It was first described in public at the SHARE 56 conference in Houston, Texas, in 1981,[10] where customer reaction, championed by Ted Johnston of SLAC, led to it being shipped as an IBM product in 1982.

Over the years IBM included Rexx in almost all of its operating systems (VM/CMS, MVS TSO/E, IBM OS/400, VSE/ESA, AIX, PC DOS, and OS/2), and has made versions available for Novell NetWare, Windows, Java, and Linux.

The first non-IBM version was written for PC DOS by Charles Daney in 1984/5[4] and marketed by the Mansfield Software Group (founded by Kevin J. Kearney in 1986).[3] The first compiler version appeared in 1987, written for CMS by Lundin and Woodruff.[11] Other versions have also been developed for Atari, AmigaOS, Unix (many variants), Solaris, DEC, Windows, Windows CE, Pocket PC, DOS, Palm OS, QNX, OS/2, Linux, BeOS, EPOC32/Symbian, AtheOS, OpenVMS,[12]: p.305  Apple Macintosh, and Mac OS X.[13]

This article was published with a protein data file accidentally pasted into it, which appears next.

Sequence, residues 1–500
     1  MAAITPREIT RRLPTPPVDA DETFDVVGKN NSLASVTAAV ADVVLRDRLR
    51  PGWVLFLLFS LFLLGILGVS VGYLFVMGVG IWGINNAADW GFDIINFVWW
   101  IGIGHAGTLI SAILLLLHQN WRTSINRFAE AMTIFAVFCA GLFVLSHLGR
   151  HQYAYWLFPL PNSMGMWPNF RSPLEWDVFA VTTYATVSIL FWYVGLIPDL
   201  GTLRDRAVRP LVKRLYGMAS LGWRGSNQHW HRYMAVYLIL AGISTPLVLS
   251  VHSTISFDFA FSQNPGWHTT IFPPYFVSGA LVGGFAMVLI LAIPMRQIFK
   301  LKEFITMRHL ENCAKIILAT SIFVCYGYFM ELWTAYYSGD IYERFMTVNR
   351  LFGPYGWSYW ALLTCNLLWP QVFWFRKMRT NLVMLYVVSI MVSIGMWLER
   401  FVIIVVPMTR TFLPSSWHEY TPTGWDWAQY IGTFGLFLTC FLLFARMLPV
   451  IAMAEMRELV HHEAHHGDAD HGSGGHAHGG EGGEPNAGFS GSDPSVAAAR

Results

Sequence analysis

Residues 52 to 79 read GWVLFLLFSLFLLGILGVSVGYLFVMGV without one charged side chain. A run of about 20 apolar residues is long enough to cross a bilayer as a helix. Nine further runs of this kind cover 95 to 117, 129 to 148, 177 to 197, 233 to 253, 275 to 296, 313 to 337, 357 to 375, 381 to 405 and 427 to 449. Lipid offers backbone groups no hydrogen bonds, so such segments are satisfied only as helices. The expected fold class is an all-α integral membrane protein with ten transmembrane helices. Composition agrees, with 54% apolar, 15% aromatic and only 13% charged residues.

The Amiga version of Rexx, called ARexx, was included with AmigaOS 2 onwards and was popular for scripting as well as application control. Many Amiga applications have an "ARexx port" built into them which allows control of the application from Rexx. One single Rexx script could even switch between different Rexx ports in order to control several running applications.

1990 to present[edit]

In 1990, Cathie Dager of SLAC organized the first independent Rexx symposium, which led to the forming of the REXX Language Association. Symposia are held annually.

Several freeware versions of Rexx are available. In 1992, the two most widely used open-source ports appeared: Ian Collier's REXX/imc for Unix and Anders Christensen's Regina[2] (later adopted by Mark Hessling) for Windows and Unix. BREXX is well known for WinCE and Pocket PC platforms, and has been "back-ported" to VM/370 and MVS.